While it is perhaps a couple of days delayed I wanted to take a moment to reflect on our practice of elections in the United States. First of all, this year we are given a powerful reminder, that despite issues and concerns, Florida in 2000, Ohio 2004, Minnesota senate race in 2008, we have a strong election system. Looking at the challenges that places like Afghanistan face in holding their elections and keeping them fair, I think we have a lot as a country to celebrate. I am a huge fan of democracy and all that it does to help all of us.
That being said, on the eve of election night I feel like I saw a "still better way" to quote Paul. As a part of the Long Range Planning process at Park, the committee was asked to help select a track, or direction for our church to take. The conversation was started by everyone placing their vote or preference and then we tallied the votes. Of the 41 cast, the leading track had 18, while the others had 11, 11, and 1 respectively. While not a full majority, since everyone could cast two votes, it was reasonable to assume that of the 21 people voting, a majority cast at least one of their votes for this direction. In our election system that would seem to imply a win and time to move on. One of the values we have as a part of the process is the consensus model which means while the vote told us how people were feeling in GENERAL we also care what people are feeling SPECIFICALLY. The question was then asked of everyone in the group is this a track that you can get behind. The question was not, did you vote for it, or was it your first, or even second choice but instead, can you get behind this track. Obviously if it was your first choice that would be a yes, but even if it was your last choice you could still look at it and say "yes, I can live with that." This is not the first time I have worked with a consensus model but it reminds me of a key difference that exists between it and our current political process: on a national level everything is about winning.
If you are like me, at some point you have gone to the polls and voted for someone, but really what you probably wanted to do was to vote against the other person. You may have agreed with the person your were voting for, but your real issues was what the other person stood for. Unfortunately our political system is based not on what is best for EVERYONE but instead what is best for a majority, or even simply what is best for a majority of those who actually vote. Ironically I think our country was founded as a democracy but with specific measures put in place not support majority rule, but to protect minority rule from it. As it was explained to me, one of the reasons for the Free of Religion clause in the Constitution was because most denominations were worried about what would happen if someone else got the majority. Europe had been torn about with religious wars based around majority rule, the US, which actually had a clear system of determining it, wanted to prevent that from happening.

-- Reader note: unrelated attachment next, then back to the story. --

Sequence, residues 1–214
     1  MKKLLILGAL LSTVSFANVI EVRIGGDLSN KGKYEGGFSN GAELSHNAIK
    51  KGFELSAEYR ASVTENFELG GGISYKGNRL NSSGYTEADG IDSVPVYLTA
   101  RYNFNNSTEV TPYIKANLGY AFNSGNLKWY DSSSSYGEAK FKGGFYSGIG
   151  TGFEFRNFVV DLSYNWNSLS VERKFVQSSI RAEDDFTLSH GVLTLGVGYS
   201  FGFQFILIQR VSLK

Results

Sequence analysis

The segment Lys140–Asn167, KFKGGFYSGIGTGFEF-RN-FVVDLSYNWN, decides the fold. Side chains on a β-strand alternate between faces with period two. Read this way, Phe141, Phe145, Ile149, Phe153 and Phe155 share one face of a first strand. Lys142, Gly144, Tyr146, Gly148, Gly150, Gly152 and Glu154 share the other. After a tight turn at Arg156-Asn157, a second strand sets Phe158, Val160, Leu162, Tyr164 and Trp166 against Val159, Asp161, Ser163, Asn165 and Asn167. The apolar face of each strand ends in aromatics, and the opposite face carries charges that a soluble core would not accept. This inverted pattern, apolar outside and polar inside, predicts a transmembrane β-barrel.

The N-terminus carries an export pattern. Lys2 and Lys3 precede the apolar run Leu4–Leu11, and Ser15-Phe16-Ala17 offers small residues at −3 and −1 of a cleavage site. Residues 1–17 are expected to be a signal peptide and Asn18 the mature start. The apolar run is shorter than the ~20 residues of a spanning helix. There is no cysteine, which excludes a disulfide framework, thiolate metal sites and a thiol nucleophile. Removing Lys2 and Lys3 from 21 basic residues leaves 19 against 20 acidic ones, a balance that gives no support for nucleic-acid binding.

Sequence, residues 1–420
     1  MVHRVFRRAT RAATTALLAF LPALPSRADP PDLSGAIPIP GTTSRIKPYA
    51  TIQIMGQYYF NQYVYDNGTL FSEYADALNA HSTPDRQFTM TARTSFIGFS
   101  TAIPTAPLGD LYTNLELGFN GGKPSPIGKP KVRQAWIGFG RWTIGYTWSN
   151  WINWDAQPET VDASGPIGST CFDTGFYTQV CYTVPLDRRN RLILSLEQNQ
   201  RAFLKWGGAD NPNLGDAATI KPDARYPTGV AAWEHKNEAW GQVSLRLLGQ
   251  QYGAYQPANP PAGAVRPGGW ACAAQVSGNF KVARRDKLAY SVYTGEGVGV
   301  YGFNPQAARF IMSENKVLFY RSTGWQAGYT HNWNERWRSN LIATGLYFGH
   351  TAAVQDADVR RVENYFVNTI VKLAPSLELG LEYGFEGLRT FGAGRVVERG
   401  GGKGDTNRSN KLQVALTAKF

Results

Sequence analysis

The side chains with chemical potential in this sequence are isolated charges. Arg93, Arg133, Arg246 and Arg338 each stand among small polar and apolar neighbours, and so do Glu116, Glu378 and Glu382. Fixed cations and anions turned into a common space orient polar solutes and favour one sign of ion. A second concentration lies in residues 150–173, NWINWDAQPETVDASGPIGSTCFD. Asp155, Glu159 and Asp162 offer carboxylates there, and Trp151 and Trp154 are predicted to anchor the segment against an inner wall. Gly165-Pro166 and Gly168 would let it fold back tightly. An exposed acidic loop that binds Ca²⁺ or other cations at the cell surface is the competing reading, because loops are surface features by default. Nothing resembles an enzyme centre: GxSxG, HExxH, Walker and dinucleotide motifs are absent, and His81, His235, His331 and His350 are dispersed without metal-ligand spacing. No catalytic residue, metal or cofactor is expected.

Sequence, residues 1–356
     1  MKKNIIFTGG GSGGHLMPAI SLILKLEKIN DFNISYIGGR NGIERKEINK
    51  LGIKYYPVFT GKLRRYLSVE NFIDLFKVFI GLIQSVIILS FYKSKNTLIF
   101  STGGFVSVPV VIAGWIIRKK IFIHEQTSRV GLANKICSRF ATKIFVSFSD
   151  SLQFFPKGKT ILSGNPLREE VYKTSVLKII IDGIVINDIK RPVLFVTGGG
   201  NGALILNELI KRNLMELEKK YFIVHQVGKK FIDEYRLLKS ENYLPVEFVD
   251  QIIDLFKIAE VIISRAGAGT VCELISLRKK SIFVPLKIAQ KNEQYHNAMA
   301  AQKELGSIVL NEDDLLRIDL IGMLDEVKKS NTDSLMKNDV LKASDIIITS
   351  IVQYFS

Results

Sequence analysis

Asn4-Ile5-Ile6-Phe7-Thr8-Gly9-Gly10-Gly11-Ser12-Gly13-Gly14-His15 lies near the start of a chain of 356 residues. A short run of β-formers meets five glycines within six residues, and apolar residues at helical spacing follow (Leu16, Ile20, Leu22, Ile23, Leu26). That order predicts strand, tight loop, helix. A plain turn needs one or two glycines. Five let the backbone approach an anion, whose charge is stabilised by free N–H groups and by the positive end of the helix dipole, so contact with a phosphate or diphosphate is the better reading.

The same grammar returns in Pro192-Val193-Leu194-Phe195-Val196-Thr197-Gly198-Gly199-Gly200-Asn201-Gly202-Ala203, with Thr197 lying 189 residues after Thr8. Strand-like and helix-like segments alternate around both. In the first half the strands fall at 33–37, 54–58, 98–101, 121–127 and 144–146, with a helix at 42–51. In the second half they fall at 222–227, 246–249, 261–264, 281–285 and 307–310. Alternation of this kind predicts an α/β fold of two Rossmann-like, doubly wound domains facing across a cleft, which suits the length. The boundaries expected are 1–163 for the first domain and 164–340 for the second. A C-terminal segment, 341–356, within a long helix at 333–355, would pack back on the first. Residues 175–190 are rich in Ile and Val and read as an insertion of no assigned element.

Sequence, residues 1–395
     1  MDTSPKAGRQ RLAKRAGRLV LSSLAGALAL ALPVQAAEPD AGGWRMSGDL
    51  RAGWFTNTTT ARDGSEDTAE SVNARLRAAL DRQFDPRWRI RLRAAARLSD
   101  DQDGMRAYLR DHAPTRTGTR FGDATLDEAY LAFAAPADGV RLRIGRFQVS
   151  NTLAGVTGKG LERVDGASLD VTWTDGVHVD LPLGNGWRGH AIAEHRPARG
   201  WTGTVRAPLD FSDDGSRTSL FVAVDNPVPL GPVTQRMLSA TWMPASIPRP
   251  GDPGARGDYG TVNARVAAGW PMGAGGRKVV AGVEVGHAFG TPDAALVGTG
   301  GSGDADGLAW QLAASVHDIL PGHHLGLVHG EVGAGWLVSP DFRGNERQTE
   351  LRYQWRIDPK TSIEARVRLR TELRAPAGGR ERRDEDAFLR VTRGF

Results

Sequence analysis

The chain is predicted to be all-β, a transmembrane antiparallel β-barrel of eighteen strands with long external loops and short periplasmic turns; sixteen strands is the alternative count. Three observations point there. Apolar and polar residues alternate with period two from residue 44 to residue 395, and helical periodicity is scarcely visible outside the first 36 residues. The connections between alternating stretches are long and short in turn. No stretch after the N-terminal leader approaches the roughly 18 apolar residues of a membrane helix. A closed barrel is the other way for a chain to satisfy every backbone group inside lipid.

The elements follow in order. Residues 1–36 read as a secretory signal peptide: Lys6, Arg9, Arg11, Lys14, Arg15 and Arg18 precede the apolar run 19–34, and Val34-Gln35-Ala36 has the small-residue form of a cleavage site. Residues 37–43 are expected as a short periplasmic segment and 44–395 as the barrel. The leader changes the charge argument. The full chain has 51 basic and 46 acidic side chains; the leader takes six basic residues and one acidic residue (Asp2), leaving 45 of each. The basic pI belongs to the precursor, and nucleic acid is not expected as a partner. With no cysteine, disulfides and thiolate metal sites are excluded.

What would it look like if we had a more consensus model of elections? What if our politicians were worried not about what is best for some people but what is best for all people. Are we even geared to think that way anymore? Everyone can think about what they do not like and block that from happening, suddenly there would be tax cuts for everyone, since no one would want to raise their own taxes, but is that really the solution? I am not saying our current tax code is fair or good for everyone BUT I can also say that while no tax code would be fair it would not be good, since if we want government we kinda need to support it somehow. It challenges all of us to think beyond what we want in the moment to what is really important for all of us.
So once again, I love our country, I love the right to vote, but I sometimes wonder if maybe we need to rethink what we are voting for ... or who else is affected by our vote.